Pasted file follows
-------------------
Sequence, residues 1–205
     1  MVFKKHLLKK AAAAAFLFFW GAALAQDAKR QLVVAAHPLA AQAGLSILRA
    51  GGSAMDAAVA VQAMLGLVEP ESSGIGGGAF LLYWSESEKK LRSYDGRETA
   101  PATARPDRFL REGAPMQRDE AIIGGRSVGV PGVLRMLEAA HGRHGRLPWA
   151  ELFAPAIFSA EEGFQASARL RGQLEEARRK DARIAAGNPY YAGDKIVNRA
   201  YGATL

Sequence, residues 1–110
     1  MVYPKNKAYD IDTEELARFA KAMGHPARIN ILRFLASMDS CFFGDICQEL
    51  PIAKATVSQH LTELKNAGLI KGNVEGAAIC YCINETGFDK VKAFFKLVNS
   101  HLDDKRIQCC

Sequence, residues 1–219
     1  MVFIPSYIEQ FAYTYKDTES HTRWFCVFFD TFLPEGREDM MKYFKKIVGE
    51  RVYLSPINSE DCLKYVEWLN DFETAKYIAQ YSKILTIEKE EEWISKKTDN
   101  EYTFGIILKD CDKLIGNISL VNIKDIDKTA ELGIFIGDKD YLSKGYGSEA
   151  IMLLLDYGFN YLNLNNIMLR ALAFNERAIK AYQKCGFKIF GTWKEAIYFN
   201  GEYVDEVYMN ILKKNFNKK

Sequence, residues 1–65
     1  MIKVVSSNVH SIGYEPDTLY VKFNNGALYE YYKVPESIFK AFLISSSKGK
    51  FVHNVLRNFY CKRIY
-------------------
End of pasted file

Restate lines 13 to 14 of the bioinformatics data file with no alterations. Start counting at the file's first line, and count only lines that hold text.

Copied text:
    51  RVYLSPINSE DCLKYVEWLN DFETAKYIAQ YSKILTIEKE EEWISKKTDN
   101  EYTFGIILKD CDKLIGNISL VNIKDIDKTA ELGIFIGDKD YLSKGYGSEA